I’ve got a dedicated butchery bench in my shed that I made out of a couple of pallets and some plywood. I also have two chest freezers that, with the addition of a chopping board, make okay benches. For whole animals/huge legs, I have a pully and various hooks too. This time though I decided to make the most of the warm weather and do everything outside on the back of my ute.
Here’s the stuff I prepared:
- Chopping boards. I have a selection of giant nylon boards I got from the warehouse and old hunks of ply and other giant wooden boards
- My fav is the butchery set from EKA and a good steel my partner already had
- This could be the hose, but I use a 20L container with a tap
- Scrub brush
- Drink bottle (‘cos you might be out there a while!)
- Fish bin
- Old buckets with rubbish bag liners
- Giant thick rubbish bags
- Freezer bags/Glad wrap
- Permanent Marker/Vivid
It’s important to remember that although it’s a gruff manly outdoorsy thing, deer butchery is still handling food: hygiene and tidiness are very important. I wash my hands and knives frequently. As I still had the skin on these legs, deer hair/grass/dirt is in my processing area, so it’s important to keep cleaning the items that get dirty and keeping finished products separate.
My process is to:
- Filet the back steaks – by that I mean remove the sinew
- Bone out legs, steaking and packaging as I go
- Add to trim bin as I go
- Organise meat in freezer
- Clean up
I use freezer bags for my steak/chuck meat and mark accordingly. I separate everything else as I go, and that’s where the buckets/bins/bags come in handy.
For me, this time, this was a cardboard box holding open a giant black rubbish bag. It ended up being too heavy, so I split it into two bags once I was done. Trim is anything that is not easily steaked, cubed or has an annoying amount of sinew in it. The meat around the lower legs goes into my trim bag as well as the smaller muscle groups in the back legs. Pretty much all front shoulder meat goes into my trim bag. We are very fond of the patties and sausages that come from our mate Rob at Wild Game Salamis! Once I’m done, the bag gets marked and then chucked into the freezer until I’m ready to take it to the butcher. If it isn’t much and you’ve got another hunt coming up, you can wait until you have a substantial amount. Trim keeps for quite a while in a well-sealed bag in the deep freeze.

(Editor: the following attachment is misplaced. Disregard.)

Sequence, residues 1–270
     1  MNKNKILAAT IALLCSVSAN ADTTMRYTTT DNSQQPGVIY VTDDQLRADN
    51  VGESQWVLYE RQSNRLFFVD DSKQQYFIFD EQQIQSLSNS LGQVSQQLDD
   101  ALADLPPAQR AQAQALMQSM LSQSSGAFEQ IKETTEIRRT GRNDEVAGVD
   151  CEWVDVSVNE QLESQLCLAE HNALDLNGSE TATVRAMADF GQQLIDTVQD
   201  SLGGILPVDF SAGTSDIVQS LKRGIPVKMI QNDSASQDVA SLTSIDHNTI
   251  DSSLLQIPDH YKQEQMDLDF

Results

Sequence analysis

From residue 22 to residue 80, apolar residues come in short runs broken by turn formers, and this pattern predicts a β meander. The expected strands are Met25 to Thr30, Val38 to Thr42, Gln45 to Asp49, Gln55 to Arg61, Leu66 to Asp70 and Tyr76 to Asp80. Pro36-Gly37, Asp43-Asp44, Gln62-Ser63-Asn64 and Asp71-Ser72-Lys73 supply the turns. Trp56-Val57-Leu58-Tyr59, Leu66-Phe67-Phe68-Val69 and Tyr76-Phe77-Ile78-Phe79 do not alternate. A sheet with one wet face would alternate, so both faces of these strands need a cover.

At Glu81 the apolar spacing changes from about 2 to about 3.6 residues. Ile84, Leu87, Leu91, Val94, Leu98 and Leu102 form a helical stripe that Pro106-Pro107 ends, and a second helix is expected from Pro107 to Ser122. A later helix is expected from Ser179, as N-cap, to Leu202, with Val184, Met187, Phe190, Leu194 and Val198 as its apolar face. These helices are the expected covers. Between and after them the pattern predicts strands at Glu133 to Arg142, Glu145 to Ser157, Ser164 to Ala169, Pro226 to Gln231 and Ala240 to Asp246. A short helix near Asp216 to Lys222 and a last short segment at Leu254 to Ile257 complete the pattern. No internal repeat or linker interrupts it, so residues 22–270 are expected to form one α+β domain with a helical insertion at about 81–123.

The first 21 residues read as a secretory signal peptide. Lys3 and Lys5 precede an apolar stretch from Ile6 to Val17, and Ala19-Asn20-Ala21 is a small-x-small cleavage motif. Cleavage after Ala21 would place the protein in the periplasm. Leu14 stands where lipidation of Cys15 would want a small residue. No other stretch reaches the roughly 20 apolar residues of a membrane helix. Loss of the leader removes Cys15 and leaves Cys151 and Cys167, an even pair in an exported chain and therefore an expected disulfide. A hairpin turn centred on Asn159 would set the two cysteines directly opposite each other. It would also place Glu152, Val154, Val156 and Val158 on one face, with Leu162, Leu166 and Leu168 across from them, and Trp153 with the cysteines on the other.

This is small stuff, whatever I feel generous giving to the pooches. DO NOT put sinew or coagulated blood, rotten meat or anything nasty into your dog food bin. What goes in must come out and trust me you don’t want to have to be involved in the “out”. Venison bones are great for dogs. If you have the freezer space, separate to whatever you want (I keep whole bones together as my dogs are pretty big) by cutting tendons or using an axe. Remember that whatever you chuck in the freezer will freeze together so either use sheets of plastic or separate strategically so you can smash with a hammer later to get individual bones out.
Rubbish bucket/Fish Bin
Bloody meat, anything a bit dicey, long filets of sinew, etc. If you don’t have much, clearly label this as rubbish and freeze it until rubbish day. If you have loads, make friends with someone who has an offal pit.
Wearing an apron and gumboots will not only make you look like a boss, but it’s so much easier to clean up and keep your meat clean. I tend to have to use my whole body to move around big legs, carry boxes, etc and having a clean apron be the contacting surface with your game meat is much more hygienic than whatever you are wearing under it. I have a pretty big selection of aprons these days for different jobs. Honestly, they are wicked. I got my butcher’s apron online for about $25. Gumboots are easy to hose off, and it won’t matter if you’re standing in a puddle while processing. Essentials for deer butchery.
It’s tempting to leave the clean up until later, but trust me, do it right away. Scrub all equipment with dishwashing liquid and water. Leave chopping boards to air dry but look after your knives. Sharpen and oil accordingly. Ensure your rubbish is in a safe place where your dogs can’t get it (Tess puts me to the test on this one) if you can’t dispose of it straight away. If you used a fridge to hang your meat, turn it off, clean the inside and let air out with the door open.
There you have it!
That’s a basic run through of how I have settled on doing my deer butchery. I’m always finding out new tricks with each animal, and I think it’s important to keep an open mind to any new ideas that might help you. If you have any tips yourself or still have questions, do not hesitate to comment or check out my full bio.
Hot barrels and sharp knives!